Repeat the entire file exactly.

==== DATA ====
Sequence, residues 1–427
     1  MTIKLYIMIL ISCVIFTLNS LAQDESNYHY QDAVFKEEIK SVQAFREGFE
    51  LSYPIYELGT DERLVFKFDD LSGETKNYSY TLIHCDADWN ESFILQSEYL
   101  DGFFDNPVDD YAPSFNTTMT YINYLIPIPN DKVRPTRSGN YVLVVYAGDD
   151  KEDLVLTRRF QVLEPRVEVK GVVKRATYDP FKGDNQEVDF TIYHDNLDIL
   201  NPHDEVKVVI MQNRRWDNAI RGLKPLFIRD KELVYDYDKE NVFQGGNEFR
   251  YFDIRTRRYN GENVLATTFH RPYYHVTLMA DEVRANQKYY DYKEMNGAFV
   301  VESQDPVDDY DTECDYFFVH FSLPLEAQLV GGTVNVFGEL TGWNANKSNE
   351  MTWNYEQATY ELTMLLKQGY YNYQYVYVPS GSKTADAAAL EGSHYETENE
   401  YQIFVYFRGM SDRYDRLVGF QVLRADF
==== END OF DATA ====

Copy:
Sequence, residues 1–427
     1  MTIKLYIMIL ISCVIFTLNS LAQDESNYHY QDAVFKEEIK SVQAFREGFE
    51  LSYPIYELGT DERLVFKFDD LSGETKNYSY TLIHCDADWN ESFILQSEYL
   101  DGFFDNPVDD YAPSFNTTMT YINYLIPIPN DKVRPTRSGN YVLVVYAGDD
   151  KEDLVLTRRF QVLEPRVEVK GVVKRATYDP FKGDNQEVDF TIYHDNLDIL
   201  NPHDEVKVVI MQNRRWDNAI RGLKPLFIRD KELVYDYDKE NVFQGGNEFR
   251  YFDIRTRRYN GENVLATTFH RPYYHVTLMA DEVRANQKYY DYKEMNGAFV
   301  VESQDPVDDY DTECDYFFVH FSLPLEAQLV GGTVNVFGEL TGWNANKSNE
   351  MTWNYEQATY ELTMLLKQGY YNYQYVYVPS GSKTADAAAL EGSHYETENE
   401  YQIFVYFRGM SDRYDRLVGF QVLRADF